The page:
In honor of World Water Day, Columbia Water Center is releasing a new White Paper: Addressing the Water Crisis in Gujarat, India. The paper presents the results of Columbia Water Center’s study of the severe groundwater crisis in the Mehsana region of Northern Gujarat, India. The study concludes that the current pattern of groundwater exploitation is both costly for the state and unsustainable for farmers, and could lead to the complete failure of agriculture in the area within a few years if left unchecked.
We found that in addition to dangerously lowering the water table, the use of subsidized energy to pump groundwater from increasing depths makes irrigation for food crops economically unsustainable for both farmers and the government of Gujarat.
Here is an excerpt from the report: “At depths from which groundwater is currently extracted, tubewell irrigated agriculture as practiced today is probably not financially viable. If farmers had to pay for the energy used, they would find it unprofitable to engage in agriculture. It is estimated for the study region that the utility provides about 10,000 kWh of electricity per hectare over the year, worth about Rs 40,000 per hectare. (By contrast, the average kWh per hectare for India as a whole is 1,600 kWh per hectare).”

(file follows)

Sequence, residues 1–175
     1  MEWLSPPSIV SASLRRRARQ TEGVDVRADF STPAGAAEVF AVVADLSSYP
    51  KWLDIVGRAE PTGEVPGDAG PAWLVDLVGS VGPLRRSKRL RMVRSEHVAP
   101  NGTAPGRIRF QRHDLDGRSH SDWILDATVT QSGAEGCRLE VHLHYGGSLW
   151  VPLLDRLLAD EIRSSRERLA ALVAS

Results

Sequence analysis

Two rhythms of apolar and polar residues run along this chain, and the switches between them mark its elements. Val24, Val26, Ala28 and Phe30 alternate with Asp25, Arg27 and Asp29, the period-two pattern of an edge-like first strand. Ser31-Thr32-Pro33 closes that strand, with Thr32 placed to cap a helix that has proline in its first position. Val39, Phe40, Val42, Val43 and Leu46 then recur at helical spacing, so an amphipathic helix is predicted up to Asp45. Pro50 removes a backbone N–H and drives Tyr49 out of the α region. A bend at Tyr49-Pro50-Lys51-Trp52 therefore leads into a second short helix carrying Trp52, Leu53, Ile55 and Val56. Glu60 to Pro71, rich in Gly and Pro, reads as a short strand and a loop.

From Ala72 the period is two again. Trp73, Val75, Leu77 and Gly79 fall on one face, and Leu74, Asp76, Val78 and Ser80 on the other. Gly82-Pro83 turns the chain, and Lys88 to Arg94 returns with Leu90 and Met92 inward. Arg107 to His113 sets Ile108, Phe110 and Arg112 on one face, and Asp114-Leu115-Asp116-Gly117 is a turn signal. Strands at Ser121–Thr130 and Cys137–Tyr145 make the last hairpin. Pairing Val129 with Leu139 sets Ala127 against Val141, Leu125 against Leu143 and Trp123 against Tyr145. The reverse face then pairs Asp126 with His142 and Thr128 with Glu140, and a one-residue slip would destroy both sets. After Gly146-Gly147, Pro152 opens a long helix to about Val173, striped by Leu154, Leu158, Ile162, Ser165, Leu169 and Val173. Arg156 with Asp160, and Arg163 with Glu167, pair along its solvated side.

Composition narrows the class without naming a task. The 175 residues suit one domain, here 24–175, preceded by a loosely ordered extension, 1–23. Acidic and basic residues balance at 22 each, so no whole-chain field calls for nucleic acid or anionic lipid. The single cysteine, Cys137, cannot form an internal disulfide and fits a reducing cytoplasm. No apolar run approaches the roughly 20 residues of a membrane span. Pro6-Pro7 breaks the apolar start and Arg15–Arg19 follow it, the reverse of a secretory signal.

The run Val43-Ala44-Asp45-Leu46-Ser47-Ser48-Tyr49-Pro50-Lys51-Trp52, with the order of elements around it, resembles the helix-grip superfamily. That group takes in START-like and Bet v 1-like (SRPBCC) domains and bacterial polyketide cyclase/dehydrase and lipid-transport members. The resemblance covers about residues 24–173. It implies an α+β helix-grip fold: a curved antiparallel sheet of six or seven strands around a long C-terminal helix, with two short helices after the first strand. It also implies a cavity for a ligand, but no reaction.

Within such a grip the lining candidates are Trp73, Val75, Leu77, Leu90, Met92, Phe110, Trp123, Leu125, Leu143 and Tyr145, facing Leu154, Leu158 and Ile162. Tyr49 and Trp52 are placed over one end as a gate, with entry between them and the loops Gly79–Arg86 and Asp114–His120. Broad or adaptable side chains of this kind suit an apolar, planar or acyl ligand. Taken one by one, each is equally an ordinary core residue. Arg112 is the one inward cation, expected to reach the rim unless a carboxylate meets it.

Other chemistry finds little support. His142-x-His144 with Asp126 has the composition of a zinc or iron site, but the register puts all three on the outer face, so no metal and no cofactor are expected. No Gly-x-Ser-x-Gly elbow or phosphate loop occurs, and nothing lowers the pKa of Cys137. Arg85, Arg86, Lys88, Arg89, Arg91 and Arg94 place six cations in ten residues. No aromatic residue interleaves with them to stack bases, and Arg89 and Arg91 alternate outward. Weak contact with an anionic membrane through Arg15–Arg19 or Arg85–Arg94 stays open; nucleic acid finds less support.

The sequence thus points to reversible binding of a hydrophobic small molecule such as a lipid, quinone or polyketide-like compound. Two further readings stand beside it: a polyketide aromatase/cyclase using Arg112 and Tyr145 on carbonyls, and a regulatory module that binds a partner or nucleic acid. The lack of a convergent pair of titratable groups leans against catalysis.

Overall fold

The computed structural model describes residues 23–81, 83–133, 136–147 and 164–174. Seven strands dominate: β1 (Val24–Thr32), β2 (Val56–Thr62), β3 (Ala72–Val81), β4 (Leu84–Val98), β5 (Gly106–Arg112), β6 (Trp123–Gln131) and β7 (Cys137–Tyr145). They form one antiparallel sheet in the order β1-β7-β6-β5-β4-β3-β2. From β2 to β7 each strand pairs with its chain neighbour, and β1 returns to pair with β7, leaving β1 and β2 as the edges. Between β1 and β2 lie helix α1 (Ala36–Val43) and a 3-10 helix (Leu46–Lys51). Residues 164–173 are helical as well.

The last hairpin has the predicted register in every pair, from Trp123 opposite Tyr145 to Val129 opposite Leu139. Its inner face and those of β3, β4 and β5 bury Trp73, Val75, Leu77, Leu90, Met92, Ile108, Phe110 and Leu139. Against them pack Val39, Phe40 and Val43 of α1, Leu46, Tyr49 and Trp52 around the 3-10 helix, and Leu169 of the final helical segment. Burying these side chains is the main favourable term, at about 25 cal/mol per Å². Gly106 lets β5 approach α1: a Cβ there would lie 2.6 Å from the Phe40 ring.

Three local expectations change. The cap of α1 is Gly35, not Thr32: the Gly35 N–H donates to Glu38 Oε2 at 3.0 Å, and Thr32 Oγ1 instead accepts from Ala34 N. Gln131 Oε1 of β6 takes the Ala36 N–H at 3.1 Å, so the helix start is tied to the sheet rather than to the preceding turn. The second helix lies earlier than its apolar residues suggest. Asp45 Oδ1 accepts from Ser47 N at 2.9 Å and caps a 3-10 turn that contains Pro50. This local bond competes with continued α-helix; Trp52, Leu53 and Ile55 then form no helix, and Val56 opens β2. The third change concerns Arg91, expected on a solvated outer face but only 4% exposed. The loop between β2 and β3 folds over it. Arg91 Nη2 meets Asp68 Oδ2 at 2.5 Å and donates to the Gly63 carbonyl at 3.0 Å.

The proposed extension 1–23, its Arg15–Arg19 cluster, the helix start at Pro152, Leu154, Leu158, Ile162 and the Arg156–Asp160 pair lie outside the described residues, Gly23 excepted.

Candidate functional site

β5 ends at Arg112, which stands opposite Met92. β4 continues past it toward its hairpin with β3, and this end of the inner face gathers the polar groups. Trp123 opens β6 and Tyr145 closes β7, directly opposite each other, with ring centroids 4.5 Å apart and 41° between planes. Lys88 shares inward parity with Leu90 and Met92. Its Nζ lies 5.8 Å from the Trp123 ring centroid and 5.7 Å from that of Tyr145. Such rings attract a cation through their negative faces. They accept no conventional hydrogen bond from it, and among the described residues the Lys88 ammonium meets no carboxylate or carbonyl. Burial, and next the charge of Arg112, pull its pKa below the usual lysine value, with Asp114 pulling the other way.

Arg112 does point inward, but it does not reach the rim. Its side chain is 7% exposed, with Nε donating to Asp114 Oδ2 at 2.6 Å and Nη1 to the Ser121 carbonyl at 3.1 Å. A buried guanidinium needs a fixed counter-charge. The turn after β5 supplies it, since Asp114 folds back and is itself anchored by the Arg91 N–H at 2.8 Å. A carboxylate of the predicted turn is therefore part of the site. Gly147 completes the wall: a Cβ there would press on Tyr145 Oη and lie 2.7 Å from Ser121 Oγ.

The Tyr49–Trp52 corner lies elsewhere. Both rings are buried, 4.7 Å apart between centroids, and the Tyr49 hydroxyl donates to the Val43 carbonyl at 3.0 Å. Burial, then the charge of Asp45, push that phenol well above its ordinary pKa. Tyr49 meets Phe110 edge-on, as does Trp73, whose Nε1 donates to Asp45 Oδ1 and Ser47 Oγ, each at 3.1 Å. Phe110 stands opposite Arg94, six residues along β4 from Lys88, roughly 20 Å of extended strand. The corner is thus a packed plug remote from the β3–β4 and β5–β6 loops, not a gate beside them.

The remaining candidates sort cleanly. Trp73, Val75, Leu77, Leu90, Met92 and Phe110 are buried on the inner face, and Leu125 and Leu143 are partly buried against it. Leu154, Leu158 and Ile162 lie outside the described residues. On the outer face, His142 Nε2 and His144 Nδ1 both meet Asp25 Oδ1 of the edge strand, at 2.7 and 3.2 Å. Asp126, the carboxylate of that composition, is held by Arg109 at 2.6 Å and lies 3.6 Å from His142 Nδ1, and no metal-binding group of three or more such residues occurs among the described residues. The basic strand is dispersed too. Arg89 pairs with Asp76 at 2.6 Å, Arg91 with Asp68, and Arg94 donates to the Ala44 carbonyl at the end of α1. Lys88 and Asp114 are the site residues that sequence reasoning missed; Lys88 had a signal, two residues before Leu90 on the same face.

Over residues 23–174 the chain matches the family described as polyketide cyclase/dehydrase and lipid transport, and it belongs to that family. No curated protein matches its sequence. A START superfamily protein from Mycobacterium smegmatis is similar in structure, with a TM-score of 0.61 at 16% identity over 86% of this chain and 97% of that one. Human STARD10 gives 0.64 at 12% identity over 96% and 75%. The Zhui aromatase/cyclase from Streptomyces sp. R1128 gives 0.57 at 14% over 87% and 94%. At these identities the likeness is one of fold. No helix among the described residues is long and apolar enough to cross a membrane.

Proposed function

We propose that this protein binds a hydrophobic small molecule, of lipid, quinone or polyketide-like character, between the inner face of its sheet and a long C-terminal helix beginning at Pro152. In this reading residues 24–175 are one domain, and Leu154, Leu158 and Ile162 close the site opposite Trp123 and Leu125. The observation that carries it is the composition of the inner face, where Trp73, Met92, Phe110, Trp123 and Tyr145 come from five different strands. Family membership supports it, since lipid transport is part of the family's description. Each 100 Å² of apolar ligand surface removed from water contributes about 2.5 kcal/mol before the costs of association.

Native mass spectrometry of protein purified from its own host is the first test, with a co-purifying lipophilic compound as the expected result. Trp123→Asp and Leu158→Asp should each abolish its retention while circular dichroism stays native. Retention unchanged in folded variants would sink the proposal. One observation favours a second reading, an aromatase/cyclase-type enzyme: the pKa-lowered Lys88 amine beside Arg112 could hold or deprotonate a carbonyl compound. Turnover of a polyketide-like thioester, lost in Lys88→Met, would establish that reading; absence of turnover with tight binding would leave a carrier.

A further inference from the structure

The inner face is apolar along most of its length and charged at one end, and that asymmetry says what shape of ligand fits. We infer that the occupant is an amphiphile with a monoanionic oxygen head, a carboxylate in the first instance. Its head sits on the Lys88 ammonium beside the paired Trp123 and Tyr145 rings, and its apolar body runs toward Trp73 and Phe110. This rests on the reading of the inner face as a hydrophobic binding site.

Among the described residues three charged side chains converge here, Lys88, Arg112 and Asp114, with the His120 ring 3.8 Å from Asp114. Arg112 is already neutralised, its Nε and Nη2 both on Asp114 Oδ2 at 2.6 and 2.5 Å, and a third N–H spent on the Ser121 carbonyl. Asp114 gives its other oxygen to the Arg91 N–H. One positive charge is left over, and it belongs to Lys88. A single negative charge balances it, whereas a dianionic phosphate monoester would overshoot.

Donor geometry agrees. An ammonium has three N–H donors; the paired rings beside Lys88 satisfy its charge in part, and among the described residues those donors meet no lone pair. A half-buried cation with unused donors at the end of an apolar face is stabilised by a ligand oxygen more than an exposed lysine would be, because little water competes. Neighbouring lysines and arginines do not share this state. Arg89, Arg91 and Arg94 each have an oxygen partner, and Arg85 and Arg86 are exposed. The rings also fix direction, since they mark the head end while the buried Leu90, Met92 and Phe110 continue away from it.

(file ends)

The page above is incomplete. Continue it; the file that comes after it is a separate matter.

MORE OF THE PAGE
Download the White Paper pdf here.
Read about Columbia Water Center’s project to address the crisis discussed in the White Paper here.
Read a previous blog post with project updates: Finding Answers to the Worsening Water Crisis in Gujarat, India
Contact us to obtain a printed copy of the White Paper.